- Chapter 1: Chemistry: An Introduction
- Chapter 10: Energy
- Chapter 11: Modern Atomic Theory
- Chapter 12: Chemical Bonding
- Chapter 13: Gases
- Chapter 14: Liquids and Solids
- Chapter 15: Solutions
- Chapter 16: Acids and Bases
- Chapter 17: Equilibrium
- Chapter 18: OxidationReduction Reactions and Electrochemistry
- Chapter 19: Radioactivity and Nuclear Energy
- Chapter 2: Matter
- Chapter 20: Organic Chemistry
- Chapter 21: Biochemistry
- Chapter 3: Chemical Foundations: Elements, Atoms, and Ions
- Chapter 4: Nomenclature
- Chapter 5: Measurements and Calculations
- Chapter 6: Chemical Composition
- Chapter 7: Chemical Reactions: An Introduction
- Chapter 8: Reactions in Aqueous Solutions
- Chapter 9: Chemical Quantities
World Of Chemistry 2nd Edition - Solutions by Chapter
Full solutions for World Of Chemistry | 2nd Edition
addition to p bond
One of the six kinds of arrow-pushing patterns used in drawing mechanisms for radical reactions. A radical adds to a p bond, destroying the p bond and generating a new radical.
Hydrocarbons that do not contain the benzene group or the benzene ring. (24.1)
A substance that forms complex ions with metal ions in solution. (23.3)
Compounds containing only covalent bonds. (9.4)
Tools that are used for drawing resonance structures and for showing the flow of electron density during each step of a reaction mechanism.
A compound that rotates plane-polarized light in a clockwise direction (+).
A model for the behavior of electrons in metals. (Section 12.4)
The process by which a protein adopts its biologically active shape. (Section 24.7)
The relationship among the pH, pKa, and the concentrations of acid and conjugate base in an aqueous solution: pH = pKa + log 3base4 3acid4. (Section 17.2)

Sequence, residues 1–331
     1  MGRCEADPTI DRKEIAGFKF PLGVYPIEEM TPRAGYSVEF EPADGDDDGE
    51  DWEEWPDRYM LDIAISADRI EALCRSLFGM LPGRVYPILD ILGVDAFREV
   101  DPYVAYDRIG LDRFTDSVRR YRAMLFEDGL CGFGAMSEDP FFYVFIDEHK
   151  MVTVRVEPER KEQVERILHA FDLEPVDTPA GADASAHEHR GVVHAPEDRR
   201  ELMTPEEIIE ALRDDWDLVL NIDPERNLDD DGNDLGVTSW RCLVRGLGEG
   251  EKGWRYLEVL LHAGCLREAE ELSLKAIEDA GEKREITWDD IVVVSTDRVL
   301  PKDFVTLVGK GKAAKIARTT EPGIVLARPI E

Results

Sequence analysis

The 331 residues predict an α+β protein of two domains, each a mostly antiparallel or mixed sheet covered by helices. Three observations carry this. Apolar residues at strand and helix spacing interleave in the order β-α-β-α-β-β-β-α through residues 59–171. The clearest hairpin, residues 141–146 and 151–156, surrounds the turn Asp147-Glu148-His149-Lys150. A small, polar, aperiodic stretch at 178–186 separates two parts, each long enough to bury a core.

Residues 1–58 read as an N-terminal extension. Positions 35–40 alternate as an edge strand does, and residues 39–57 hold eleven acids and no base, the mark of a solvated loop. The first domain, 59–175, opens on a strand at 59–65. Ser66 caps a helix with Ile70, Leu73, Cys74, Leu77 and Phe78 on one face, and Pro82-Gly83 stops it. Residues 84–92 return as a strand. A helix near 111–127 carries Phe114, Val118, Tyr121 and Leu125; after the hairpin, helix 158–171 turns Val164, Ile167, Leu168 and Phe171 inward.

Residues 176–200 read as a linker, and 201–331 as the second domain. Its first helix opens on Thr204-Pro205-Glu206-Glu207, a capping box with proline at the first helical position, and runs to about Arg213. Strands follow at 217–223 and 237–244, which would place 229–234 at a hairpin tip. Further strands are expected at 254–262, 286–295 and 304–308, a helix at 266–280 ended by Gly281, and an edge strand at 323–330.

hydronium ion 1H3O+2
The predominant form of the proton in aqueous solution. (Section 16.2)
The energy required to remove an electron from a gaseous atom when the atom is in its ground state. (Section 7.4)
A carbohydrate for which the chirality center farthest from the carbonyl group will have an OH group pointing to the left in the Fischer projection.
A CH group.
A simple sugar, most commonly containing six carbon atoms. The joining together of monosaccharide units by condensation reactions results in formation of polysaccharides. (Section 24.8)
oxidation number (oxidation state)
A positive or negative whole number assigned to an element in a molecule or ion on the basis of a set of formal rules; to some degree it reflects the positive or negative character of that atom. (Section 4.4)
A term describing a consideration that must be taken into account for a reaction in which two or more constitutional isomers can be formed.
Resonance in NMR spectroscopy
The absorption of electromagnetic radiation by a precessing nucleus and the resulting “fl ip” of its nuclear spin from the lower energy state to the higher energy state.
The conversion of an aryl diazonium salt into fluorobenzene upon treatment with fluoroboric acid (HBF4).
An alternative name for an imine
The difference in energy between staggered and eclipsed conformations (for example, in ethane).
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